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Parenting Part II: Know when your teen is sending signs of depression

The news lately has been full of heartbreaking stories of suicide among teens and college students. Most of the coverage has focused on the despicable bullying these young people experienced and the fact that several were gay.

But parents of teens and young adults need to know this: While bullying may push a despairing youth over the edge, and while gay youths may be especially vulnerable, most who kill themselves have something else in common. They are depressed or have another mental illness. And while some act with youthful impulsivity, many have been flashing warning signs for months or years.

“There are signs, but a lot of times parents are not very good at detecting them,” says Paula Clayton, medical director of the American Foundation for Suicide Prevention.

One problem is that “a lot of the warning signs are very similar to typical adolescent angst,” says Courtney Knowles, director of The Jed Foundation, a non-profit group devoted to preventing suicide among college students. And, often, teens do their best to hide their pain, says Laurie Flynn, executive director of TeenScreen, a non-profit group that promotes mental health screening and treatment. “Kids try so hard to put their game faces on,” she says. Flynn knows: She was shocked when her own daughter attempted suicide in high school. The star student had been troubled for a while, but “I thought she was doing just fine,” Flynn says. Since then, Flynn has spoken to many young people who’ve “thought about killing themselves for months and months.” That means there’s often time for kids to get help. “Suicide is the most preventable form of death,” says Joseph Fraioli, a 22-year-old law student at the University of Iowa in Iowa City. Fraioli, who says he was deeply depressed in high school, is a spokesman for Active Minds, a mental health advocacy group.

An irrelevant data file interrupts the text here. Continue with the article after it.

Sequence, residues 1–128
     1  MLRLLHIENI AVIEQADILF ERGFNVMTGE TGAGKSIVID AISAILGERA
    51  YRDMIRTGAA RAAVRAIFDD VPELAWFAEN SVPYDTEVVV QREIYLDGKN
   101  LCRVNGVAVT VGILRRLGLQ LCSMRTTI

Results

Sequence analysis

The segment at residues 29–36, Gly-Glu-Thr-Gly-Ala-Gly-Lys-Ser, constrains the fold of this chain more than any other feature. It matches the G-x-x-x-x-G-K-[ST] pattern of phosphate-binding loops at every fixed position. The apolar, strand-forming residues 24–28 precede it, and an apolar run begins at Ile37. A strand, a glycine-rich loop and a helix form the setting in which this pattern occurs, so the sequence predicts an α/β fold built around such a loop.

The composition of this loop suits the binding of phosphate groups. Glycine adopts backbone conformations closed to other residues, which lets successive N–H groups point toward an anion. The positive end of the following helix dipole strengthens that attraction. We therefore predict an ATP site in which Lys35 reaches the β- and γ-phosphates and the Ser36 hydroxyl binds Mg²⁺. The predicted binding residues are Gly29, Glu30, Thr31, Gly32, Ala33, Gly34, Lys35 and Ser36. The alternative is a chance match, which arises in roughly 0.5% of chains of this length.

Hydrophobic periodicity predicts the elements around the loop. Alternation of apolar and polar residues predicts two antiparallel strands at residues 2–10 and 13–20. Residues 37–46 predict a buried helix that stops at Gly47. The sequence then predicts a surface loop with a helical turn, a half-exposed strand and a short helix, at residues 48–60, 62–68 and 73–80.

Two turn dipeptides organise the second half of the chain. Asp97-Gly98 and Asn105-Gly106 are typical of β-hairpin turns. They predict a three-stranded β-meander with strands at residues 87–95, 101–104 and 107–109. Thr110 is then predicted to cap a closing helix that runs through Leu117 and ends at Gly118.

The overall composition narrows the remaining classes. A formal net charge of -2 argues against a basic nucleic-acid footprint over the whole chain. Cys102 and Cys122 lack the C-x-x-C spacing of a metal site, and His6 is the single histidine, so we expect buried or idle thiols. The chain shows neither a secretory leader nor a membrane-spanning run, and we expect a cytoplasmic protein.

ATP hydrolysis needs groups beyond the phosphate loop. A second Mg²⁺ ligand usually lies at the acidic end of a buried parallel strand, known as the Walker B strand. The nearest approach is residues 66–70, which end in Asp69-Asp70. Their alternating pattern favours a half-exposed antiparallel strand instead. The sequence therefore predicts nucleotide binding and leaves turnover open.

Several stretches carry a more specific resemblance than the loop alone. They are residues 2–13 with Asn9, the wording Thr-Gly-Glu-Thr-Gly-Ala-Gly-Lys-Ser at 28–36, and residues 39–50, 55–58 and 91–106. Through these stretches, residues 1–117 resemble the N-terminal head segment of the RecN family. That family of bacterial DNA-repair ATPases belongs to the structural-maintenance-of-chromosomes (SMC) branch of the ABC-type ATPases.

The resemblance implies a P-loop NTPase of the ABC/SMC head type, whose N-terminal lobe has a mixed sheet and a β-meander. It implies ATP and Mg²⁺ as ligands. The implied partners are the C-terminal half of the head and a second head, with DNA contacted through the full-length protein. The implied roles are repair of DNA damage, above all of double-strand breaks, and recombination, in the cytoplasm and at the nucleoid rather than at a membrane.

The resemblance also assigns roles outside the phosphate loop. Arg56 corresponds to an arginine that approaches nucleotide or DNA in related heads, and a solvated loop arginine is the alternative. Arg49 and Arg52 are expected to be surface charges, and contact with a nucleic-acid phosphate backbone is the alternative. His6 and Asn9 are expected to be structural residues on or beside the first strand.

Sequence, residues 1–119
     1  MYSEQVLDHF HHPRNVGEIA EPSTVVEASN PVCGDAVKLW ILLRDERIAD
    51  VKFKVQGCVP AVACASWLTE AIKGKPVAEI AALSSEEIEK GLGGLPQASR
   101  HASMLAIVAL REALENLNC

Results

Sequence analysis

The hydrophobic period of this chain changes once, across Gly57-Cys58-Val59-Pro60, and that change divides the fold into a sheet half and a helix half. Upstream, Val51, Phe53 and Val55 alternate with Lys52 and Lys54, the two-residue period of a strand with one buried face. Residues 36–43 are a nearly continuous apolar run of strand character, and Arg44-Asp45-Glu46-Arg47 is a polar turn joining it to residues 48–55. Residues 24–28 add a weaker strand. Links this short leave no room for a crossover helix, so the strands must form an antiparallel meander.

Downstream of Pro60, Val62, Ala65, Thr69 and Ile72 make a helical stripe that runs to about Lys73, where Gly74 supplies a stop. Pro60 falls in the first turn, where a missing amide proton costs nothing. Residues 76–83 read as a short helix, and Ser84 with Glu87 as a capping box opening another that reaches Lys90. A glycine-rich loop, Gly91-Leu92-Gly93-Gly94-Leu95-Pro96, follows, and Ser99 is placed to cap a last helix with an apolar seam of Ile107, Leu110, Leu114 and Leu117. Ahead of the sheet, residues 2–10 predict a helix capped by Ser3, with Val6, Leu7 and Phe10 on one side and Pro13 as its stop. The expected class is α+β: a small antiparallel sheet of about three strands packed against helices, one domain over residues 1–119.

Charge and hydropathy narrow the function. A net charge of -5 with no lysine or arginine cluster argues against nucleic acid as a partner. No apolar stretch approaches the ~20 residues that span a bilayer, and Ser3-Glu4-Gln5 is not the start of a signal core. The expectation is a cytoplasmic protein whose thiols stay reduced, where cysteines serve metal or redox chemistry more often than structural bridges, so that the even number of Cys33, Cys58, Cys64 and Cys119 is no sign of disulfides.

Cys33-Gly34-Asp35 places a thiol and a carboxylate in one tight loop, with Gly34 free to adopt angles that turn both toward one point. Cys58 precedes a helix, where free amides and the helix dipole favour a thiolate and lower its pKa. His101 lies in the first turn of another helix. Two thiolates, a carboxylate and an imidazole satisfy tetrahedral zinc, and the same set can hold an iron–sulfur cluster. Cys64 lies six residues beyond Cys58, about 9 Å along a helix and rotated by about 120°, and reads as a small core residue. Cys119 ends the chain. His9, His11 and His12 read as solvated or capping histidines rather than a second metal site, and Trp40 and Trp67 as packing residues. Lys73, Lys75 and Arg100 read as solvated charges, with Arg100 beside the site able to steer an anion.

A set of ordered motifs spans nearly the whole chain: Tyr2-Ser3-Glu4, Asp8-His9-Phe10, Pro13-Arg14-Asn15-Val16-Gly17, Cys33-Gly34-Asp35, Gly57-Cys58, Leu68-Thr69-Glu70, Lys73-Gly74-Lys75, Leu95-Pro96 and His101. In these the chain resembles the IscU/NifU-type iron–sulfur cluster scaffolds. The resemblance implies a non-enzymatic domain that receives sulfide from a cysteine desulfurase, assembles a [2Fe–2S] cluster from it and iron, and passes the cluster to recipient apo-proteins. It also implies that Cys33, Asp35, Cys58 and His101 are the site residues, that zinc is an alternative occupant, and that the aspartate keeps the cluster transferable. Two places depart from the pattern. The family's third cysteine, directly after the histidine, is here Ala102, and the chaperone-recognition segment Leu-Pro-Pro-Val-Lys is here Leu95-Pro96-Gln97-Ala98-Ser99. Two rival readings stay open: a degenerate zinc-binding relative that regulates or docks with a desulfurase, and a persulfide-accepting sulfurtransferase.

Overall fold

In an ideal world, these advocates say, all teens and young adults would get routine screening tests that can pick up signs of distress and suicidal thinking. Some pediatricians and some schools offer such screening, and parents should ask for it at every routine check-up, Flynn says. But the experts say parents should call a child’s doctor right away if they see signs of distress that last more than a couple of weeks. These might include:

  • A sudden slide in grades and withdrawal from friends and fun activities
  • Changes in eating or sleep, including sleeping or eating too much or too little
  • A lack of joy and enthusiasm or a new irritability

Getting help is urgent if your child is talking about dying, expressing hopelessness or engaging in risky behavior. In that case, be direct, Fraioli says: “Ask the person if they are thinking of hurting themselves, if they have a plan… If so, that’s an emergency. Don’t leave that person alone until you get help.” If your hunch is wrong, he says, most kids still will appreciate the concern.

Learn more from: American Foundation for Suicide Prevention (, Active Minds (, Jed Foundation (, TeenScreen ( or the National Suicide Prevention Hotline: 800-273-8255.

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The World Health Organization defines “mental health” “as a state of well-being in which every individual realizes his or her own potential, can cope with the normal stresses of life, can work productively and fruitfully, and is able to make a contribution to her or his community.” In using this definition, S2i recognizes that some mental health challenges reflect brain diseases that, like physical diseases, require appropriate stigma-free and patient-centered care and include both mental health and substance use disorders. Other mental health challenges stem from social conditions and marginalization and require different forms of interventions.